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Mutation analysis in patients with congenital adrenal hyperplasia in the Spanish population: identification of putative novel steroid 21-hydroxylase deficiency alleles associated with the classic form of the disease.

Lobato M.N., Ordonez-Sanchez M.L., Tusie-Luna M.T., Meseguer A.

Steroid 21-hydroxylase deficiency, due to the genetic impairment of the CYP21 gene, is a major cause of congenital adrenal hyperplasia (CAH). In about 80% of the cases, the defect is related with the transfer of deleterious point mutations from the CYP21P pseudogene to the active CYP21 gene. Sixteen different point mutations have been searched for in 60 Spanish patients with the classic form of CAH and 171 unaffected family members, using selective amplification of the CYP21 gene followed by allele-specific oligonucleotide hybridization (PCR-ASOH) and sequencing analysis. While 31.9% of the disease alleles carry CYP21 deletions or large gene conversions, around 58% of the alleles carry single point mutations. Corresponding segregation of mutations was found in every case indicating that none of them has apparently appeared de novo. The most frequent mutations found in our sample are i2G, V281L, R356W, Q318X, P453S and F306+t, with rates of 30, 14.2, 10, 9.2, 9.2 and 7. 5%, respectively. We found similar frequencies for the A and C polymorphism at position 656 (40 and 31.5%, respectively) in wild-type alleles for the i2G mutation. Around 10% of the alleles, for which no mutations were identified by searching for the sixteen previously known mutations, are currently being sequenced and new possible mutations and polymorphisms have been identified.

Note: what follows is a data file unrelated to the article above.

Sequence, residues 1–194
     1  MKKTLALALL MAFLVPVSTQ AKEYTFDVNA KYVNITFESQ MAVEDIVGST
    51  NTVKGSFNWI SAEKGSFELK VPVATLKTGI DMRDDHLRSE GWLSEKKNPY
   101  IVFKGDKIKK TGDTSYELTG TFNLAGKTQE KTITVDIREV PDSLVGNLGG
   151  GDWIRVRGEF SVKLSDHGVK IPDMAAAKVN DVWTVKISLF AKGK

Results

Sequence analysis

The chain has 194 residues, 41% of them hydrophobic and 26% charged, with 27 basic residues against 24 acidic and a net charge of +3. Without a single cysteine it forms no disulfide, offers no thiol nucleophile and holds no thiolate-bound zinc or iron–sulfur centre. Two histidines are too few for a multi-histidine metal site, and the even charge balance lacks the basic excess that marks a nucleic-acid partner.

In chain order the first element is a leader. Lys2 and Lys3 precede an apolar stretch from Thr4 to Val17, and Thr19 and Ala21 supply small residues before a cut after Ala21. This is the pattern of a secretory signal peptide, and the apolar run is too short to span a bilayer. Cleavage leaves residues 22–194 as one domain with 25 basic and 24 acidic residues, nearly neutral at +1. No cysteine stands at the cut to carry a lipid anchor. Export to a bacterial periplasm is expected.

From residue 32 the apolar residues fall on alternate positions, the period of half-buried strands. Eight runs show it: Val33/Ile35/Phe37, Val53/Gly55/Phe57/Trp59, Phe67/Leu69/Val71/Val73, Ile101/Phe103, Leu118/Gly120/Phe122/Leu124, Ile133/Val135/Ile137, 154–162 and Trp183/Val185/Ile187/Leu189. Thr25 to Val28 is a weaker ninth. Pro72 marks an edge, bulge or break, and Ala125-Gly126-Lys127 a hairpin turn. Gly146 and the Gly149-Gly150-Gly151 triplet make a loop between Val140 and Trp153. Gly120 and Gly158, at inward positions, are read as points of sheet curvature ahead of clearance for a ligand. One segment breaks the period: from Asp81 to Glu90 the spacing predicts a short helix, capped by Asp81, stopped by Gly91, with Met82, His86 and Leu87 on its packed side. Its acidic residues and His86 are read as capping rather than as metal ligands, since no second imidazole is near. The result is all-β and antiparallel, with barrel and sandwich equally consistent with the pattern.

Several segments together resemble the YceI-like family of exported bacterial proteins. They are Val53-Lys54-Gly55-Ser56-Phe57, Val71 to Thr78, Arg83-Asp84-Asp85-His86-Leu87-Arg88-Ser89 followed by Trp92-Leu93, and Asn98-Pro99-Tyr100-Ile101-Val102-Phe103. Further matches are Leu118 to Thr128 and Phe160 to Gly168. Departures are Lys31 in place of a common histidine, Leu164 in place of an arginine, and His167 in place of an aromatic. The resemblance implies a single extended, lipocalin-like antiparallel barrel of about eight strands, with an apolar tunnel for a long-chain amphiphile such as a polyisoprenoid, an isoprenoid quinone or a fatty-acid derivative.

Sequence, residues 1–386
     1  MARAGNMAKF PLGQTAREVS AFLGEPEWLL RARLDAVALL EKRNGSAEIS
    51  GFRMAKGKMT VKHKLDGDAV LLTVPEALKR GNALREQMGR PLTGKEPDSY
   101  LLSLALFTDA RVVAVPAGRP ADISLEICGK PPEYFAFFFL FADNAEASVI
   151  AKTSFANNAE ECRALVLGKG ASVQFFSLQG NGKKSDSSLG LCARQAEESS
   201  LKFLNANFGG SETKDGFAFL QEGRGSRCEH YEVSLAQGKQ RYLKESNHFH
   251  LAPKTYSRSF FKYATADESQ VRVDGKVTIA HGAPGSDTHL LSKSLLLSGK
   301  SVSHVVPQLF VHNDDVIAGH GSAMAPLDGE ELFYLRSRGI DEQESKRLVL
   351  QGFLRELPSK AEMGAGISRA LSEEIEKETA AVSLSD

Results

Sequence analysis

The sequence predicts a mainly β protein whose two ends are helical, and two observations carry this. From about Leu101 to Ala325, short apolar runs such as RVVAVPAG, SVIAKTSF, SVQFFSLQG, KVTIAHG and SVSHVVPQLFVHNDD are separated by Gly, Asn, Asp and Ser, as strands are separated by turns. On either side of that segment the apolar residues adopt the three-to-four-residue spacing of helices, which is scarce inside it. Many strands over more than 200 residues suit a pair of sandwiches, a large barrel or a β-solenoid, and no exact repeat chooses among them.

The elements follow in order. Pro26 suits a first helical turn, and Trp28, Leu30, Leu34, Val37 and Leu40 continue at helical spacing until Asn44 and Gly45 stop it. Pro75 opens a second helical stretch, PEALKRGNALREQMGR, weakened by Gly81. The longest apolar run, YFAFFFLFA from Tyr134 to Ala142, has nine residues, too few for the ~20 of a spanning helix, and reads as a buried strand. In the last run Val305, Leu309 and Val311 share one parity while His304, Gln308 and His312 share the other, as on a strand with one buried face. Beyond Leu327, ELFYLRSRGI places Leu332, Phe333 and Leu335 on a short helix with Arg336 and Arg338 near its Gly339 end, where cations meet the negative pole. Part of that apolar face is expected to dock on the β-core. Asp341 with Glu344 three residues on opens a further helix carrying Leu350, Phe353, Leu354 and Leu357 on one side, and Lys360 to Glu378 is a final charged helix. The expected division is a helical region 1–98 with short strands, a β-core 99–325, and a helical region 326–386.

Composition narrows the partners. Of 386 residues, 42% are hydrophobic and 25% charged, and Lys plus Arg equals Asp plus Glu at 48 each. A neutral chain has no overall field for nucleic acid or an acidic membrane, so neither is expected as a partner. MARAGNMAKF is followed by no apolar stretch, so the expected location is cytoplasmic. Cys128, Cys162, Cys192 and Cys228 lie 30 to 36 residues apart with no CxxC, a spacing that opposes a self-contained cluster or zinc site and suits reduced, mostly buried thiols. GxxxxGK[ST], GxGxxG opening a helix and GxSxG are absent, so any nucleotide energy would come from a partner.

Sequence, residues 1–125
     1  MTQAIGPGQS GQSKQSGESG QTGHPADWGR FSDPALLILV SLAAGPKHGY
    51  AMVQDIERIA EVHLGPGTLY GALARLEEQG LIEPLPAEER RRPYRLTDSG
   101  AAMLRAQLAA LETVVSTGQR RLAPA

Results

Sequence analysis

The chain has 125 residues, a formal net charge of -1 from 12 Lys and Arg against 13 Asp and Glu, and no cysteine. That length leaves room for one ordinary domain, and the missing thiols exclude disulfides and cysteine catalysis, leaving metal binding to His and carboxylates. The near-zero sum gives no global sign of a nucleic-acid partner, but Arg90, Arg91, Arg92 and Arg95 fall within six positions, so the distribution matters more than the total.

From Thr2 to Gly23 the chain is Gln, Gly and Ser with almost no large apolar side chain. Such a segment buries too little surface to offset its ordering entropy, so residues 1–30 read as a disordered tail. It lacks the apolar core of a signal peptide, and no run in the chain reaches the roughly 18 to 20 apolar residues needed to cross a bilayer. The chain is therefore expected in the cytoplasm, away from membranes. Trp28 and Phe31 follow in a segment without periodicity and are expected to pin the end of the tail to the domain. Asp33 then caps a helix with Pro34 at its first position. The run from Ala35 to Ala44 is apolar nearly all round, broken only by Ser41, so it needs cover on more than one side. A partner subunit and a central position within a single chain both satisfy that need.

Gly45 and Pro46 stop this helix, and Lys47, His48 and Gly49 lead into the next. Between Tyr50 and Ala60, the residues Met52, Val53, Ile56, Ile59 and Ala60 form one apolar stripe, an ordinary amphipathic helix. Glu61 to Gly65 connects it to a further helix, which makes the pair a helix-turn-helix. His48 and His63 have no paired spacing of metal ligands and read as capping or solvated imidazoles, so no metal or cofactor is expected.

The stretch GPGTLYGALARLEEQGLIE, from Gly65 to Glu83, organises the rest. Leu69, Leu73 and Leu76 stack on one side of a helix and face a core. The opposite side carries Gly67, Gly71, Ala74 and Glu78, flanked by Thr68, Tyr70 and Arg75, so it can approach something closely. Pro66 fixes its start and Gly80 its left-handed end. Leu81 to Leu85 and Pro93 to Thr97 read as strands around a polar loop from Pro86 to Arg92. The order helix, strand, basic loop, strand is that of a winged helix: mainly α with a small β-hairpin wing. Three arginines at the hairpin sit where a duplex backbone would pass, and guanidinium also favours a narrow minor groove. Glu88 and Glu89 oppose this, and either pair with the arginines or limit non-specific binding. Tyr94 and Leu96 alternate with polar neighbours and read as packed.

Hum. Hered. 49:169-175(1999) [PubMed] [Europe PMC]

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